I pass’d the forenoon at home in writing. In the afternoon, I attended meeting and heard Mr. Wibird. After meeting, I went down to view the house, which they are repairing for my father:1 I was not perfectly pleased with it; but it now appears in a very unfavourable light: they are obliged to make the most necessary repairs very hastily expecting my father in a few weeks. I am in hopes, that after my parents return; this place will be more lively and agreeable to me than it is at present. I think I shall never make it the standing place of my residence: but I shall wish to pass much of my time here, and hope the change may be for the better.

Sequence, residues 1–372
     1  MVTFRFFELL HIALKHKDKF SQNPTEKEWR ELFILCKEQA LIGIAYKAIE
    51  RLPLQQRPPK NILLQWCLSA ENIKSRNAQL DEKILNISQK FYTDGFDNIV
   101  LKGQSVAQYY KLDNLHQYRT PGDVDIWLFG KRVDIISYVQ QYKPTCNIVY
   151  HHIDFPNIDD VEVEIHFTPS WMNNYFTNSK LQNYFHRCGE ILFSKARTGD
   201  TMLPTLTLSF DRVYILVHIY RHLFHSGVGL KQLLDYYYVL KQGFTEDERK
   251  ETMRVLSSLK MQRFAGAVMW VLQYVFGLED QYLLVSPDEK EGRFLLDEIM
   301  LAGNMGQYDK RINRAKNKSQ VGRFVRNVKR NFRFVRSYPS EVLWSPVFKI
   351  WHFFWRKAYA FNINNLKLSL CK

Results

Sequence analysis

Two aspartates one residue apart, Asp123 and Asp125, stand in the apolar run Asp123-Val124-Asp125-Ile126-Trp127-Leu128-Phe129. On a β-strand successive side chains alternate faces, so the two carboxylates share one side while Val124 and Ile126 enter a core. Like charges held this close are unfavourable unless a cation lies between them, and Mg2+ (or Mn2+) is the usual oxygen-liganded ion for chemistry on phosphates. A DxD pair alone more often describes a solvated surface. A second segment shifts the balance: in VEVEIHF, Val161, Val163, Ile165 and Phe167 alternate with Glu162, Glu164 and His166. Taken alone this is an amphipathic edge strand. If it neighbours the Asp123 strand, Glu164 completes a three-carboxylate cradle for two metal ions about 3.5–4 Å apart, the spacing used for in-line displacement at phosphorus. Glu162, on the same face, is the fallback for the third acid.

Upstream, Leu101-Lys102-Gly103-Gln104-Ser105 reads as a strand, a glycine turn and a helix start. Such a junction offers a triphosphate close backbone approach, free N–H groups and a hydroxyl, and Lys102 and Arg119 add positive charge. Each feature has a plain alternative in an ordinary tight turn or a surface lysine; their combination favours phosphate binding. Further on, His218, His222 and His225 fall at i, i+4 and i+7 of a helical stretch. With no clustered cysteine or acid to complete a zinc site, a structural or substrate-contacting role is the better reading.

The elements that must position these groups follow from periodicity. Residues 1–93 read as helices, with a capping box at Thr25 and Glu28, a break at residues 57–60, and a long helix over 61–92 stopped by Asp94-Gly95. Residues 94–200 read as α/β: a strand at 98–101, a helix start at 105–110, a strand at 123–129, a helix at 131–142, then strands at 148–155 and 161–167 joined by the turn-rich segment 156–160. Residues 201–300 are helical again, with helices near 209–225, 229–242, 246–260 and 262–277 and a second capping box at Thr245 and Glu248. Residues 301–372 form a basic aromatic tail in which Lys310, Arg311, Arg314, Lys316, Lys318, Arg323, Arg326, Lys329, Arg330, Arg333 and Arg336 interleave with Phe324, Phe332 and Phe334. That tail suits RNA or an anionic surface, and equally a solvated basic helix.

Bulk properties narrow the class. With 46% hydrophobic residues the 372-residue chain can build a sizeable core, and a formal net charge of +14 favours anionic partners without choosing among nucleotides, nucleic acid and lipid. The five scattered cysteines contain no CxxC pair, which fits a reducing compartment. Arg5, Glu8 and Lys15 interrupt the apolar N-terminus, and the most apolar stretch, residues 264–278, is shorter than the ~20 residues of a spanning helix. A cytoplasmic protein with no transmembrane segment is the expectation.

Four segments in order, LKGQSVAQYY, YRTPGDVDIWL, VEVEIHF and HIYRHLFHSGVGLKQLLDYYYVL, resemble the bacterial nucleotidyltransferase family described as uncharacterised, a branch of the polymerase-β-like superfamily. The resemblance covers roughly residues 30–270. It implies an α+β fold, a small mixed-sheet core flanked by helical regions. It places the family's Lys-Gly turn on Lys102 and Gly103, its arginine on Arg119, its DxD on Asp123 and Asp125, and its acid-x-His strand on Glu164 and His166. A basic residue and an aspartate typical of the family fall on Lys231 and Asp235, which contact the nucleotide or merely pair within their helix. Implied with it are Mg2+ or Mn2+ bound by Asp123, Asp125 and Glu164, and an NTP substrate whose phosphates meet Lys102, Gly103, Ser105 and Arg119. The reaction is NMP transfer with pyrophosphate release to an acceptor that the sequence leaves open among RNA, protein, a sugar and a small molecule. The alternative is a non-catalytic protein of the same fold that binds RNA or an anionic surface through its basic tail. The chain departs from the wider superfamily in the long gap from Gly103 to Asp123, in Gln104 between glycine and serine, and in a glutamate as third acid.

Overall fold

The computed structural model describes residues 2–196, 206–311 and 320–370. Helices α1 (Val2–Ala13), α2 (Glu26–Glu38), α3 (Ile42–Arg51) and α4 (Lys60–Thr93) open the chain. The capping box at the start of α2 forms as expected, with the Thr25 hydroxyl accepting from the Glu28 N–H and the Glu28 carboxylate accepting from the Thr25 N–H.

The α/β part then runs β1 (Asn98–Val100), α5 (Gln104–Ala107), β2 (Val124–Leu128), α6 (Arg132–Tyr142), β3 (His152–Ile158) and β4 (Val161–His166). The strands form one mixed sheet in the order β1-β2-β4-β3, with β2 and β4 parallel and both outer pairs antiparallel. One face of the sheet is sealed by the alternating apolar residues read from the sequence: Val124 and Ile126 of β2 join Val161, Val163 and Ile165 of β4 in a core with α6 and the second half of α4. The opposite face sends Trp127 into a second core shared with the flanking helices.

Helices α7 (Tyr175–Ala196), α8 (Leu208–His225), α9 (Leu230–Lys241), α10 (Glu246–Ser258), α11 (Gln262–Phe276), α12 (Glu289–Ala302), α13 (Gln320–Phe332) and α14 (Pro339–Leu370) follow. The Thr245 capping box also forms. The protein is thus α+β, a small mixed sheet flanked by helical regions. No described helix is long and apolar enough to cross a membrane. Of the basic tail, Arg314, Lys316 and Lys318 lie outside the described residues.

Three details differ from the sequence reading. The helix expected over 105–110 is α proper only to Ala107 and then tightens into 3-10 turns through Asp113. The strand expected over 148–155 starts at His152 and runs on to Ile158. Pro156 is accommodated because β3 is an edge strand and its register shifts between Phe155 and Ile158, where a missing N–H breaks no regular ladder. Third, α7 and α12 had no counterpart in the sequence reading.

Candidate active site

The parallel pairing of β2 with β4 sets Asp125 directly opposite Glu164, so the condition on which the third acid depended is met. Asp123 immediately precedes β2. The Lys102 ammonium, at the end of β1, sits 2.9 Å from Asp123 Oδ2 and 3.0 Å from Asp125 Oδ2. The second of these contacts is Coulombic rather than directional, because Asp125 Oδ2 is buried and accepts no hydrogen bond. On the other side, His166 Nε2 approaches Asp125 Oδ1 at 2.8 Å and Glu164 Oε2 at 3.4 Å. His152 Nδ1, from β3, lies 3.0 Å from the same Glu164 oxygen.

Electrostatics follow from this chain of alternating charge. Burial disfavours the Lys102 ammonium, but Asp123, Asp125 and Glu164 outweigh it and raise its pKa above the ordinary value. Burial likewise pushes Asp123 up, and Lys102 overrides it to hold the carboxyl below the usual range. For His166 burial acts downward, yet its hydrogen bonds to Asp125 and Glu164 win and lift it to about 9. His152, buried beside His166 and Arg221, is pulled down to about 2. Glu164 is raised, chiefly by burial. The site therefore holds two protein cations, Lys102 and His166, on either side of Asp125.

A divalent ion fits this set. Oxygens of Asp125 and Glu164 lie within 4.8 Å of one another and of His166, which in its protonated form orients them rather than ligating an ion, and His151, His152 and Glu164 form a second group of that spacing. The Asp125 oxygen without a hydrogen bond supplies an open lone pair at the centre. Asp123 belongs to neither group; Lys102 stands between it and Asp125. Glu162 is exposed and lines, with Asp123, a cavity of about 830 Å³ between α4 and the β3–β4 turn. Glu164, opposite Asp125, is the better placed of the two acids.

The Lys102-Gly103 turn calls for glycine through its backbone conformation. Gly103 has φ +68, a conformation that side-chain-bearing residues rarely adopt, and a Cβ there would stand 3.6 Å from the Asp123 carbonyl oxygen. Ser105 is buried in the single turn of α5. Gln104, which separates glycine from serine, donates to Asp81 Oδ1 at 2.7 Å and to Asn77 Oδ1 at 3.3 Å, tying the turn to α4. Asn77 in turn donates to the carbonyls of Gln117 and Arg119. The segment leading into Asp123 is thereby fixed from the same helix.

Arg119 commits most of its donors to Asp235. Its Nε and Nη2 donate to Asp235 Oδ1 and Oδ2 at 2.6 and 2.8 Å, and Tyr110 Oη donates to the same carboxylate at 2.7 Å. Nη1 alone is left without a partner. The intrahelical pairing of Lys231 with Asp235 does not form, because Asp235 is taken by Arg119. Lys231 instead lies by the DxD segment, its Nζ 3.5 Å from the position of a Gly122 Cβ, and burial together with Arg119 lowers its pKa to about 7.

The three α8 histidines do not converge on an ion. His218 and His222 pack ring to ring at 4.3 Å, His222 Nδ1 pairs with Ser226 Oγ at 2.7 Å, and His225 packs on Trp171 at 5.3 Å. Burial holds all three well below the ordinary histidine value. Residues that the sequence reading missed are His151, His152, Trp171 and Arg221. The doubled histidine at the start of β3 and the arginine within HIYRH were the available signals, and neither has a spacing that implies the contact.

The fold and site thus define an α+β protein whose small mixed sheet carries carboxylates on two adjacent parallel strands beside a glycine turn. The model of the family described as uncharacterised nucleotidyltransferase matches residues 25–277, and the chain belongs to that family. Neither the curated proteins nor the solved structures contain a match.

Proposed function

1. The Vassall-Borland place was an abandoned loyalist estate in Braintree. Several individuals occupied the house during the Revolution and afterward, until it was finally purchased for JA in Sept. 1787 through the agency of Drs. Cotton Tufts and Thomas Welsh. Long known as the Old House, four generations of Adamses lived in it until 1927. In 1946 it was deeded to the federal government and became the Adams National Historic Site. For additional details, consult the notes in Adams Family Correspondence description begins Adams Family Correspondence, ed. L. H. Butterfield and others, Cambridge, 1963- . description ends , 3:264–266, and JA, Diary and Autobiography description begins Diary and Autobiography of John Adams, ed. L. H. Butterfield and others, Cambridge, 1961; 4 vols. description ends , 3:217; the Old House is illustrated in JA, Diary and Autobiography description begins Diary and Autobiography of John Adams, ed. L. H. Butterfield and others, Cambridge, 1961; 4 vols. description ends , 4:facing 195.